# Let $T$ be an operator on Hilbert space $H$...

Let $T$ be an operator on Hilbert space $H$. Let $A \in H$ and $\chi_A$ its characteristic function.

What does $\chi_A(T)$ mean?

for x in H

xhi_A (T)(x) = :

1 if T(x) is in A
0 otherwise.

Unfortunately no.

Here is a context btw

With your assumption, the dimension doesn't match

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then don't call chi a fucking characteristic function if it's not one. It's a projector.

It is a characteristic function

so what's wrong with the previous response?

T acts on H.

You take an element of H, you apply T to that element.
Then you check if T(x) is in A or not.
and that gives you the result
Maybe I'm misunderstanding something.

In the case of this picthe operator is A.
So you take Ax
you check if it's in the subset B_i
you multiply by ci
you sum over all i
etc

There is a big difference between $f(Tx)$ and $f(T)x$.

You are idiot. That's the problem.

Pleb here. What is a Hilbert space and how do I use it? I've been trying to understand the concept for a while now, but so far I haven't made any progress.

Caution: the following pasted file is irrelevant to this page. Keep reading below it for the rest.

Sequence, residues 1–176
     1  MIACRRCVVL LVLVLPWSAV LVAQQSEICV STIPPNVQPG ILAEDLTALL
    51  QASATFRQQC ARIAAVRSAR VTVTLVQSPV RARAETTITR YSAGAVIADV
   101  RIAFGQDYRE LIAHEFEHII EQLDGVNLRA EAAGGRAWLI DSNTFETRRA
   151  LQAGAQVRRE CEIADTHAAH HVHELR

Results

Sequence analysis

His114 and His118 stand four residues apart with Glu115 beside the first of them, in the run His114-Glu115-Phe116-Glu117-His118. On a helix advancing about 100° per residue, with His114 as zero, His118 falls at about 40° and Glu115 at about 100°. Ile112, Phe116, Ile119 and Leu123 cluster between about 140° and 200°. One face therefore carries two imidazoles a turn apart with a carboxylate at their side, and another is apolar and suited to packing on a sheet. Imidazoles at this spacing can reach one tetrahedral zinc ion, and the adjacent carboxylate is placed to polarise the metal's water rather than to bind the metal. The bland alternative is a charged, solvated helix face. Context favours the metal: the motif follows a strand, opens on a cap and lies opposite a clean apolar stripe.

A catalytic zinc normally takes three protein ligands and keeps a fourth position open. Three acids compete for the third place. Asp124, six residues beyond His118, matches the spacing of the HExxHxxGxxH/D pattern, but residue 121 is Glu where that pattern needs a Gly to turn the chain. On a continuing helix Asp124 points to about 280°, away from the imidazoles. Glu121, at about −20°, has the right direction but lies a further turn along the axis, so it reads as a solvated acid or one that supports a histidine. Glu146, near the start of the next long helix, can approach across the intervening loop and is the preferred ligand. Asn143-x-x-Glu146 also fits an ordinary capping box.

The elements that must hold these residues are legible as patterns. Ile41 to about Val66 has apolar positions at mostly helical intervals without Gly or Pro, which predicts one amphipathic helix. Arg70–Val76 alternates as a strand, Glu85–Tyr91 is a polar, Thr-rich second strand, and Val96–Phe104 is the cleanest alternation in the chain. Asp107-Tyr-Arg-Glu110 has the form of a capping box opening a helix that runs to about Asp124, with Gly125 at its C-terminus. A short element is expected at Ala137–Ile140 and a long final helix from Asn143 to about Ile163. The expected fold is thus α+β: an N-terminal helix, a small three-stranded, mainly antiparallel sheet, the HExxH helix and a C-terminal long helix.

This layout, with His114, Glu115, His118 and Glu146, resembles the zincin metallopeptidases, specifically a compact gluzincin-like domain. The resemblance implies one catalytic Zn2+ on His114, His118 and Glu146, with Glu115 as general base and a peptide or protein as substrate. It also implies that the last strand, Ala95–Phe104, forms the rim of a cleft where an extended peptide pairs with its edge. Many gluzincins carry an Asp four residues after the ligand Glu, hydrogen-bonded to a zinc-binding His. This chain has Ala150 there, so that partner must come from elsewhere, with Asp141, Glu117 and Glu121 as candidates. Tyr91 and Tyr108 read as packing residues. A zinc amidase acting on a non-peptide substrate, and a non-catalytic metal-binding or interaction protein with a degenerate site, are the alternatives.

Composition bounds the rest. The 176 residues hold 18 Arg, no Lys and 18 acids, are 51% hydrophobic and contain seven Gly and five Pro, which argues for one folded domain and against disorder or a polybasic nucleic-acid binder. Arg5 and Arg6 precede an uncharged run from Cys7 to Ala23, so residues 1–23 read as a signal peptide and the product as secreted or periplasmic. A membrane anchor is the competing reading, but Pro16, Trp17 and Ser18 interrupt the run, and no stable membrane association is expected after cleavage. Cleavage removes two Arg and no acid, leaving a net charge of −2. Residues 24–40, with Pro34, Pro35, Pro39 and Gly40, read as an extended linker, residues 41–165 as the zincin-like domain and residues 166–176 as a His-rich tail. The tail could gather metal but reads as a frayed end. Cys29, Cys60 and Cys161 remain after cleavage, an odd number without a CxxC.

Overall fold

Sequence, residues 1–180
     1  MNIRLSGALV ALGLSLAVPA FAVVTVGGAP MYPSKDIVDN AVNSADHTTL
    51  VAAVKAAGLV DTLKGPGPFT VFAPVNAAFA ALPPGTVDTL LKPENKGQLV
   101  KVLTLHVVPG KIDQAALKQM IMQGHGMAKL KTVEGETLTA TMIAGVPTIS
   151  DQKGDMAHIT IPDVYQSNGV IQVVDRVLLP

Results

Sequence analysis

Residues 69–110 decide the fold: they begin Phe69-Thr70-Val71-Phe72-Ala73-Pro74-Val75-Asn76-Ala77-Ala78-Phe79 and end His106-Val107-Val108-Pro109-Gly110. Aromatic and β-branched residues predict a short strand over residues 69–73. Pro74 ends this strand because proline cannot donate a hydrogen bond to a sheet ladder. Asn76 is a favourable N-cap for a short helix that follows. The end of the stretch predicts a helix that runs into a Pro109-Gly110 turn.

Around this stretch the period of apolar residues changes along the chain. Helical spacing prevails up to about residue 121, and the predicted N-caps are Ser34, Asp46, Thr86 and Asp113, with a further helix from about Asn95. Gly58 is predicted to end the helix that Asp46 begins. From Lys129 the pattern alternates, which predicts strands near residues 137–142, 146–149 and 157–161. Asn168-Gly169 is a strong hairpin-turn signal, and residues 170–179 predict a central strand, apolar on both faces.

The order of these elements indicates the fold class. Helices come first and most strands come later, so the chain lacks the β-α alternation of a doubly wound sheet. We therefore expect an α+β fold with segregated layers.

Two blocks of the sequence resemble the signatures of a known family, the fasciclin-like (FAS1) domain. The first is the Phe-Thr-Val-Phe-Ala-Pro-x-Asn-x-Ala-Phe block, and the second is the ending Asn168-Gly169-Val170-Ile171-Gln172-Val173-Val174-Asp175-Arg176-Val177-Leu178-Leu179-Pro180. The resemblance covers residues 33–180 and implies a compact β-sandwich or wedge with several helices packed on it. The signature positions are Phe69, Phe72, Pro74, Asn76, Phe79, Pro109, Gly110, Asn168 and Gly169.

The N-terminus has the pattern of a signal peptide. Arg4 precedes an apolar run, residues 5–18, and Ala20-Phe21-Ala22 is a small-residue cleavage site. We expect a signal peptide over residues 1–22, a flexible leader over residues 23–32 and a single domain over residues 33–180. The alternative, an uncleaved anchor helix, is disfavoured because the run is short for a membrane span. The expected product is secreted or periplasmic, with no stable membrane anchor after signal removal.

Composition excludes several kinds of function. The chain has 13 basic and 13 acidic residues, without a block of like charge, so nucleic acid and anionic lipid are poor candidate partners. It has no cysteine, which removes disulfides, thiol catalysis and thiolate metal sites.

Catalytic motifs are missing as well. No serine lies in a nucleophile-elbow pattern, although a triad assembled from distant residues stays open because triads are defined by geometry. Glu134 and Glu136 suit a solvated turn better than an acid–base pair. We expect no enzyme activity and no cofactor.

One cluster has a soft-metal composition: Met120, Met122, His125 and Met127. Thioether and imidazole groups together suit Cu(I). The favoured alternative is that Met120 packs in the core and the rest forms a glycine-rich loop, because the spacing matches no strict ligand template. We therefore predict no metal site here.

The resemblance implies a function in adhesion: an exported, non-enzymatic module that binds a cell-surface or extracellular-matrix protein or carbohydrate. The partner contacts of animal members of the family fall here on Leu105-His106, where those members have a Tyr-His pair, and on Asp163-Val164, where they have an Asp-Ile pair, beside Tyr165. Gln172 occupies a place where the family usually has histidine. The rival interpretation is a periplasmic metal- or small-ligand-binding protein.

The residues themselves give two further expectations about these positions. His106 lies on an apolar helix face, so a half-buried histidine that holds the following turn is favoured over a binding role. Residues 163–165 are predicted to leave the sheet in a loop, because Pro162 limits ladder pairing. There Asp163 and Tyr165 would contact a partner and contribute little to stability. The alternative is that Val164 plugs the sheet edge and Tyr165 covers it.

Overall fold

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Roughly speaking a Hilbert space is a (usually infinite dimensional) vector space with a geometric structure similar to that of normal Euclidean space. In fact, Euclidean spaces are exactly finite dimensional Hilbert spaces. Hilbert spaces are used in quantum mechanics. P

>that's the problem
not explaining the problem
k m8.
Come back when you understand that it doesn't matter here.

Nigga, you can't even into muh matching dimensions. What are you talking about? Clean out your eyes and look at the expression.

I really don't see which fucking dimensions are not matching, I explained how everything matches and you're just here spewing bullshit instead of actually giving information. If I'm wrong, correct me properly or don't say anything.

Ax is a vector. The summand here is supposed to be a vector. In fact, it's a vector from an invariant subspace.

there's a lot in here that doesn't make sense to my eyes, perhaps because of missing context. i'd guess though, that chi(A) is suposed to be the operator whose existence you get from the spectral theorem (assuming A to be normal). then you can apply any bounded, measurable complex function to your operator.

It's defined before introducing spectrum. It should be a limit of polynomial approximation I guess.

therefore the definition of a characteristic function doesn't fit the function used here. Which is my first point. Chi is not a characteristic function as defined in

It's always a good idea to consider a simple example.
Let $H = \mathbb{C}^n$ and let $T: H \to H$ be a self-adjoint operator with distinct eigenvalues $\lambda_1 , \ldots, \lambda_n$.